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Table of contents
CONTENTS
ANALYSIS OF THE SEXUAL IMPULSE-1
ANALYSIS OF THE SEXUAL IMPULSE-2
ANALYSIS OF THE SEXUAL IMPULSE-3
ANALYSIS OF THE SEXUAL IMPULSE-4
ANALYSIS OF THE SEXUAL IMPULSE-5
ANALYSIS OF THE SEXUAL IMPULSE-6
ANALYSIS OF THE SEXUAL IMPULSE-7
ANALYSIS OF THE SEXUAL IMPULSE-8
ANALYSIS OF THE SEXUAL IMPULSE-9
ANALYSIS OF THE SEXUAL IMPULSE-10
FOOTNOTES
LOVE AND PAIN-1.1
LOVE AND PAIN-1.2
LOVE AND PAIN-1.3
LOVE AND PAIN-1.4
LOVE AND PAIN-1.5
LOVE AND PAIN-1.6
LOVE AND PAIN-2.1
LOVE AND PAIN-2.2
LOVE AND PAIN-2.3
LOVE AND PAIN-2.4
LOVE AND PAIN-3.1
LOVE AND PAIN-3.2
LOVE AND PAIN-3.3
LOVE AND PAIN-3.4
LOVE AND PAIN-4
LOVE AND PAIN-5.1
LOVE AND PAIN-5.2
LOVE AND PAIN-6.1
LOVE AND PAIN-6.2
LOVE AND PAIN-7
THE SEXUAL IMPULSE IN WOMEN-1.1
THE SEXUAL IMPULSE IN WOMEN-1.2
THE SEXUAL IMPULSE IN WOMEN-1.3
THE SEXUAL IMPULSE IN WOMEN-1.4
THE SEXUAL IMPULSE IN WOMEN-1.5
THE SEXUAL IMPULSE IN WOMEN-1.6
THE SEXUAL IMPULSE IN WOMEN-2.1
THE SEXUAL IMPULSE IN WOMEN-2.2
THE SEXUAL IMPULSE IN WOMEN-2.3
THE SEXUAL IMPULSE IN WOMEN-3
APPENDIX A-1
APPENDIX A-2-3
APPENDIX B HISTORY-1
APPENDIX B HISTORY-2
APPENDIX B HISTORY-3-4-5-6-7
APPENDIX B HISTORY-8-9-10
APPENDIX B HISTORY-11-12
APPENDIX B HISTORY-13
APPENDIX B HISTORY-14-15
APPENDIX B HISTORY-16
APPENDIX B HISTORY-17
APPENDIX B HISTORY-18
APPENDIX B HISTORY-19
INDEX OF AUTHORS

brought forward cases of serious nervous trouble in women which 

have been dispersed when the sexual weakness and premature 

ejaculation of the husband have been cured. 

 

The true nature of the passivity of the female is revealed by the ease 

with which it is thrown off, more especially when the male refuses to 

accept his cue. Or, if we prefer to accept the analogy of a game, we may 

say that in the play of courtship the first move belongs to the male, but 

that, if he fails to play, it is then the female's turn to play. 

 

Among many birds the males at mating time fall into a state of 

sexual frenzy, but not the females. "I cannot call to mind a 

single case," states an authority on birds (H.E. Howard, 

_Zooelogist_, 1902, p. 146), "where I have seen anything 

approaching frenzy in the female of any species while mating." 

 

Another great authority on birds, a very patient and skillful 

observer, Mr. Edmund Selous, remarks, however, in describing the 

courting habits of the ruffs and reeves (_Machetes pugnax_) that, 

notwithstanding the passivity of the females beforehand, their 

movements during and after coitus show that they derive at least 

as much pleasure as the males. (E. Selous, "Selection in Birds," 

_Zooelogist_, Feb. and May, 1907.)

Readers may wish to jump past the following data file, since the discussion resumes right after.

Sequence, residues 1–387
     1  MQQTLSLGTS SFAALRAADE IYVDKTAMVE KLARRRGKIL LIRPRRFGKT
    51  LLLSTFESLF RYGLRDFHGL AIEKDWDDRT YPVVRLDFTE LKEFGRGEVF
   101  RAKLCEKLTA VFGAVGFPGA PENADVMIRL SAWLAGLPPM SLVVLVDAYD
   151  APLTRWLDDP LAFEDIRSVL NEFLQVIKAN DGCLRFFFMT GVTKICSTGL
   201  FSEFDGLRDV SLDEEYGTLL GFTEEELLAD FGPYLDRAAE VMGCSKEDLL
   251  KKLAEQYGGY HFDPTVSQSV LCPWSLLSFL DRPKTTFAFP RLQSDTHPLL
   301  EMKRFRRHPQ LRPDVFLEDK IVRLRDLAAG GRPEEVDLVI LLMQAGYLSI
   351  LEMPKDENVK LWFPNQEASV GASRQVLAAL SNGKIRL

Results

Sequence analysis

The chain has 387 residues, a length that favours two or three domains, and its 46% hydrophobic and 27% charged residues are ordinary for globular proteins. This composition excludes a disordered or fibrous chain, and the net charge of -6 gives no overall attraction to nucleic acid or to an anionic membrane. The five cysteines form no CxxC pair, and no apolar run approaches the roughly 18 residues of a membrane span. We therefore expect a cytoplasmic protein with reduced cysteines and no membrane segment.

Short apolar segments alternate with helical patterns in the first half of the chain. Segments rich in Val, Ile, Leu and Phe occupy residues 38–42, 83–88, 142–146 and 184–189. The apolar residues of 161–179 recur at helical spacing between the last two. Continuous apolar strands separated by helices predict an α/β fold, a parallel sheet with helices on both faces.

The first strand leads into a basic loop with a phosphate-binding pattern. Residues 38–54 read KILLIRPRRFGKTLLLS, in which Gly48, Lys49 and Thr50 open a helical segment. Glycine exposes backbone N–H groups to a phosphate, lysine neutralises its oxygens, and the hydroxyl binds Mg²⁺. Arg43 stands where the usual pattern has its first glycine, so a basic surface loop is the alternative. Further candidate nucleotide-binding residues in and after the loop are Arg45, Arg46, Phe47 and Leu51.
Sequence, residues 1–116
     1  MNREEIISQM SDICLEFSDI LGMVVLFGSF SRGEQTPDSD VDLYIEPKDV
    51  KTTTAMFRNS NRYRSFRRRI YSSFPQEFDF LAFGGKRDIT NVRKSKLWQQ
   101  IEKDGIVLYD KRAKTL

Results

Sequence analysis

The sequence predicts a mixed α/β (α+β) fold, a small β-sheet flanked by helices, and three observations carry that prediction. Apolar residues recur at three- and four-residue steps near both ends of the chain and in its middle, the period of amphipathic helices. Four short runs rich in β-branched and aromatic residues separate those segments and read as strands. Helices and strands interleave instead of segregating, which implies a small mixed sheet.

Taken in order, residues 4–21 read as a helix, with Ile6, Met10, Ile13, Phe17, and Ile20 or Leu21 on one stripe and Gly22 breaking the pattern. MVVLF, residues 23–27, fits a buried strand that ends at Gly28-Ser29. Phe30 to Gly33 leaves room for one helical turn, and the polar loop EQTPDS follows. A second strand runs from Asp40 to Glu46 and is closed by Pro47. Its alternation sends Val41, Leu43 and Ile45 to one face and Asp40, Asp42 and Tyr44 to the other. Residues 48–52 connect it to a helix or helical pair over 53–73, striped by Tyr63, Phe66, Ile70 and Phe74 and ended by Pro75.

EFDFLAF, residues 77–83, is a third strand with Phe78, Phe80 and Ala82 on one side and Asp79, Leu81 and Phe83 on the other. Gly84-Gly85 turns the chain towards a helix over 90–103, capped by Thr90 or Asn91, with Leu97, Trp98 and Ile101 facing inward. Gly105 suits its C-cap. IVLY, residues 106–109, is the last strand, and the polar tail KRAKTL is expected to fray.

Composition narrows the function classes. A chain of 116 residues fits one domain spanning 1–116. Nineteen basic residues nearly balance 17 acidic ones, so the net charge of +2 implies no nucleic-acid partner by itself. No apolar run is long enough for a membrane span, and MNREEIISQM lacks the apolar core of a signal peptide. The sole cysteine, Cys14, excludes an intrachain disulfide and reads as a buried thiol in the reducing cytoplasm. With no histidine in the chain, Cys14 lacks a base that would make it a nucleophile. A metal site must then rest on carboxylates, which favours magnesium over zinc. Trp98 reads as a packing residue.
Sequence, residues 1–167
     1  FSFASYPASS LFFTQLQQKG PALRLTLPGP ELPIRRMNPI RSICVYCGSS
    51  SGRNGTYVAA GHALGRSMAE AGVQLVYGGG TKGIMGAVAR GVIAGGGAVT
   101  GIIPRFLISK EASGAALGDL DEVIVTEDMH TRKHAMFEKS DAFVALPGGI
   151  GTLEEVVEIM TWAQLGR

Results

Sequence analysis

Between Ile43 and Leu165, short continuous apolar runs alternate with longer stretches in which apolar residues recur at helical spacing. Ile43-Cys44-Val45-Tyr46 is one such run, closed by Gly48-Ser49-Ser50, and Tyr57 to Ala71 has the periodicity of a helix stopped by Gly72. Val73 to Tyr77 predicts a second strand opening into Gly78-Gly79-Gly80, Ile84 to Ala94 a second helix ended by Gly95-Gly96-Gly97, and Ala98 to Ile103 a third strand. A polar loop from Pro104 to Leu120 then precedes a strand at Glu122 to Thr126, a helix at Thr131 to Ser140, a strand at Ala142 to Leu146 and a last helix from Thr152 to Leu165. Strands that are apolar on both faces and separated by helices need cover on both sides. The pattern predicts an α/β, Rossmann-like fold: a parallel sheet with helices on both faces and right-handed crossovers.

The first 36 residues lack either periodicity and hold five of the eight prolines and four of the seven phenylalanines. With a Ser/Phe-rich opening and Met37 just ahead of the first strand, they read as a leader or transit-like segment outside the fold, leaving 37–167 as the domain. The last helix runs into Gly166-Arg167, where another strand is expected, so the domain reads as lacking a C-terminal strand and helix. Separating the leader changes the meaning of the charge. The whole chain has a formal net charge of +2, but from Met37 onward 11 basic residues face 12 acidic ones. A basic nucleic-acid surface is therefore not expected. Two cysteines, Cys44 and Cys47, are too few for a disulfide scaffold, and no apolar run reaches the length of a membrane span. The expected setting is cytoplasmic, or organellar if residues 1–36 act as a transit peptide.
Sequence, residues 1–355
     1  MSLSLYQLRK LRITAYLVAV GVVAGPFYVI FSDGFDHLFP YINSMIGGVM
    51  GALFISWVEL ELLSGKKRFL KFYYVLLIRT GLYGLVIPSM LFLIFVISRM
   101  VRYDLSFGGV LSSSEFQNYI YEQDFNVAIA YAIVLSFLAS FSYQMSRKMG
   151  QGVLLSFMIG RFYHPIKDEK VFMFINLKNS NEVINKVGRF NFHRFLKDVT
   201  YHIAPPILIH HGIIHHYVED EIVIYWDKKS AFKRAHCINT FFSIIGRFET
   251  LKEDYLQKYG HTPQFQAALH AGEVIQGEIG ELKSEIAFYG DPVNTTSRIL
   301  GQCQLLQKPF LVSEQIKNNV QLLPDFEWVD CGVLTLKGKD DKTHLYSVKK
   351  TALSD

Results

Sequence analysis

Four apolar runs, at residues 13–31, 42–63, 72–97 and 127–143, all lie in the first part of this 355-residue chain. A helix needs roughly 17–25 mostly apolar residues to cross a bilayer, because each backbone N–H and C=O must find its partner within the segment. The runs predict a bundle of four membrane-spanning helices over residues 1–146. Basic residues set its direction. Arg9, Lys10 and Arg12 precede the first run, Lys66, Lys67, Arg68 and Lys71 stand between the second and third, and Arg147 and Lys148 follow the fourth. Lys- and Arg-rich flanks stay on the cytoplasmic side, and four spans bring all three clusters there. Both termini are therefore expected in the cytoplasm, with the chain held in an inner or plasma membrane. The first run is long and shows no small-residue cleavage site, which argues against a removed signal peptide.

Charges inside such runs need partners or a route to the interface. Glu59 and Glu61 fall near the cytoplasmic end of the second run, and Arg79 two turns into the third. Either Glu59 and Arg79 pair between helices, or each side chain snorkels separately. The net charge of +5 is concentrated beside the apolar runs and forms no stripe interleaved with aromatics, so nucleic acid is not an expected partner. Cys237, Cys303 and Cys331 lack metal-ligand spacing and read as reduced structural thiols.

The same observer, after speaking of the great beauty of the male 

eider duck, continues: "These glorified males--there were a dozen 

of these, perhaps, to some six or seven females--swam closely 

about the latter, but more in attendance upon them than as 

actively pursuing them, for the females seemed themselves almost 

as active agents in the sport of being wooed as were their lovers 

in wooing them. The male bird first dipped down his head till his 

beak just touched the water, then raised it again in a 

constrained and tense manner,--the curious rigid action so 

frequent in the nuptial antics of birds,--at the same time 

uttering his strange haunting note. The air became filled with 

it; every moment one or other of the birds--sometimes several 

together--with upturned bill would softly laugh or exclaim, and 

while the males did this, the females, turning excitedly, and 

with little eager demonstrations from one to another of them, 

kept lowering and extending forward the head and neck in the 

direction of each in turn.... I noticed that a female would often 

approach a male bird with her head and neck laid flat along the 

water as though in a very 'coming on' disposition, and that the 

male bird declined her advances. This, taken in conjunction with 

the actions of the female when courted by the male, appears to me 

to raise a doubt as to the universal application of the law that 

throughout nature the male, in courtship, is eager, and the 

female coy. Here, to all appearances, courtship was proceeding, 

and the birds had not yet mated. The female eider ducks, 

however,--at any rate, some of them,--appeared to be anything but 

coy." (_Bird Watching_, pp. 144-146.) 

 

Among moor-hens and great-crested grebes sometimes what Selous 

terms "functional hermaphroditism" occurs and the females play 

the part of the male toward their male companions, and then 

repeat the sexual act with a reversion to the normal order, the 

whole to the satisfaction of both parties. (E. Selous, 

_Zooelogist_, 1902, p. 196.) 

 

It is not only among birds that the female sometimes takes the 

active part, but also among mammals. Among white rats, for 

instance, the males are exceptionally eager. Steinach, who has 

made many valuable experiments on these animals (_Archiv fuer die 

Gesammte Physiologie_, Bd. lvi, 1894, p. 319), tells us that, 

when a female white rat is introduced into the cage of a male, he 

at once leaves off eating, or whatever else he may be doing, 

becomes indifferent to noises or any other source of 


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